Almost every European country has its own iconic story about either the First or the Second World War. For the Finns it’s Väinö Linna’s Tuntematon sotilas (translated as Unknown Soldiers or The Unknown Soldier). Since it depicts the hardships of the Finnish soldiers in the Continuation War against their Russian neighbours who had previously occupied Karelia, a subject that seems to be very sensitive in Finnish history, there is no wonder the novel ended up achieving such a high status in the Finnish literature and being adapted for the big screen three times. The last time this happened was in 2017 when Aku Louhimies directed what was to be the highest-budget Finnish movie ever made, a film that was also intensely advertised because it was part of the Centenary celebrations in Finland and which also probably deserves a post of its own.
The title of Väinö Linna’s book somehow predicts the status the characters in his story will have. Despite numerous male appearances throughout the fierce scenes of battle in the deep woods of Finland and USSR, one cannot easily tell which one is the protagonist. They usually go just by their surname and only a couple of them have their first names mentioned once or twice throughout the novel. Different ranks are named and one can certainly say that this soldier is braver than the other, that this one sympathizes with communism or that another one has a very humorous manner of seeing everything happening around him, but it’s rather difficult to find some character with a full personality described in the book. This must be because all these characters’ traits and features can combine in a representation of a collective character – the unknown soldier who fought to get back Karelia to the motherland.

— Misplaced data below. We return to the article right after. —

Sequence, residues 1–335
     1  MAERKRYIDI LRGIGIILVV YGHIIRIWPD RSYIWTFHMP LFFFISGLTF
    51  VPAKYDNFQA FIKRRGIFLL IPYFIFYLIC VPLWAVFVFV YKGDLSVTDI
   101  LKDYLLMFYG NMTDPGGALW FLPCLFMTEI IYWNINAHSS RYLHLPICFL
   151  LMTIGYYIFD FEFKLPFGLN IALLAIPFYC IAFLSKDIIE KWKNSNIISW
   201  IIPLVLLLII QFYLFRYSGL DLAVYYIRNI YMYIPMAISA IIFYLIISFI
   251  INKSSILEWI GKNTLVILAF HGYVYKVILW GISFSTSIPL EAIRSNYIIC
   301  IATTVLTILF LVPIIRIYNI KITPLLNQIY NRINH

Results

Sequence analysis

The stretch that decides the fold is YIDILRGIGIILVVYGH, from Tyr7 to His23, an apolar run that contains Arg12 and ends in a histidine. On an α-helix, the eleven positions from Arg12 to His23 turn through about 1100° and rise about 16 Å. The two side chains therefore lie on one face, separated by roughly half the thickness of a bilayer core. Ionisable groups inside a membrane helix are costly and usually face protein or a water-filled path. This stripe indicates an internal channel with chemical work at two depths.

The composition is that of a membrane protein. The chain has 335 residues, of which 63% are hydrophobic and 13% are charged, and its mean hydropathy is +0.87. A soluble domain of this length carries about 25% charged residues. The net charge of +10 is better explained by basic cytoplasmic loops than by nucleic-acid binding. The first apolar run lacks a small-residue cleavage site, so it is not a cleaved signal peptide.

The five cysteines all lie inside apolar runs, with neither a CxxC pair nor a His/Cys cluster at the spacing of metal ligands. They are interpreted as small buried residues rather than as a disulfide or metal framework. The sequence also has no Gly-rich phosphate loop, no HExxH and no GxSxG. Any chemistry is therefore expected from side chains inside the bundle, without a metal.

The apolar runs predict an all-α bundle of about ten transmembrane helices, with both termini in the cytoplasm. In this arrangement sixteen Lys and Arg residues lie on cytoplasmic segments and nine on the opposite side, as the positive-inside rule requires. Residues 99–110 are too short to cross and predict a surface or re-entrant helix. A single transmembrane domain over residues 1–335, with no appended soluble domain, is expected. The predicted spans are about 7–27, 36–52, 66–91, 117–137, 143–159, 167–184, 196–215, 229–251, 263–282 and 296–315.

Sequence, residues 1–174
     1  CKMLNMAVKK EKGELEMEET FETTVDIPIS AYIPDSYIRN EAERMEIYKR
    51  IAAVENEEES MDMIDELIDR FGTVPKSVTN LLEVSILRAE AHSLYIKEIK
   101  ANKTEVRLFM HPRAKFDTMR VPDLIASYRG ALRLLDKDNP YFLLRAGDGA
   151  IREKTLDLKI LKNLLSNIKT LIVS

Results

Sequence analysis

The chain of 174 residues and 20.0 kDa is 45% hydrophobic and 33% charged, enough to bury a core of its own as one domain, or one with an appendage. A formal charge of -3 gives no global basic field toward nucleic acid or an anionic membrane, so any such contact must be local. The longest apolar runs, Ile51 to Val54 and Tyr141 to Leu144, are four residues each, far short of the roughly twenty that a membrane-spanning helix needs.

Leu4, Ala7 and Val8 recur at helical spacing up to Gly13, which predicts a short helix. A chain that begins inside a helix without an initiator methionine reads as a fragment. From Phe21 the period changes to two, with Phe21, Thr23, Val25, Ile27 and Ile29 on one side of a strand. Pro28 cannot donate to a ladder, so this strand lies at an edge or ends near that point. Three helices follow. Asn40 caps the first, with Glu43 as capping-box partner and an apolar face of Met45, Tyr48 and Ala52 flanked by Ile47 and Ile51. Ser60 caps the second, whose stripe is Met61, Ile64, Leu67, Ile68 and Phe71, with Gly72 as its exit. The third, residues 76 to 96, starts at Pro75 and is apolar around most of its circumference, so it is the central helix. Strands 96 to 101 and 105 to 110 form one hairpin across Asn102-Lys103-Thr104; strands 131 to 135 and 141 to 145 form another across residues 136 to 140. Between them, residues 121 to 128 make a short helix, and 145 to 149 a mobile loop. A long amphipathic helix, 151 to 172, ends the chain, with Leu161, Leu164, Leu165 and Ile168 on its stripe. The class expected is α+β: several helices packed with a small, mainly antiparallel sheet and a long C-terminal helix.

Many of the characters don’t even make it to the end of the book in an illustration of how devoid of any meaning war actually is. Some of them die heroically, some of them die in the most stupid manner. Some die gruesome painful deaths, while others don’t even have the time to realize how near their end is. But for most of them death is actually deliverance. It is the physical hardships such as the lack of food, the lice, the dirt and the cold, the wounds, the weaponry that they must carry on their backs, as well as the psychological torture – seeing their fellow soldiers being killed, the horror of the mutilated corpses, the never-ending fear and being sent in front of the enemy at any moment, irrespective of their physical condition – all this seems many times worse than actual death. And to think that this happened to young men in their early twenties…
If there is one thing that Väinö Linna manages to do with his book, it’s to shock his readers and to stir their compassion. He has the ability to take you into the woods with his deep forest warriors and also to make you feel that fuzzy warm feeling inside for these young men (some could arguably call them “boys”) who have left their youth behind and are now trying to make the best of a moment’s peace, to find a bit of life in this no-man’s-land suspended outside of time. And he also manages to keep you glued to the book just to see what else is next, despite the violence, the deaths and the hardship – something which I consider to be essential in a good piece of literature.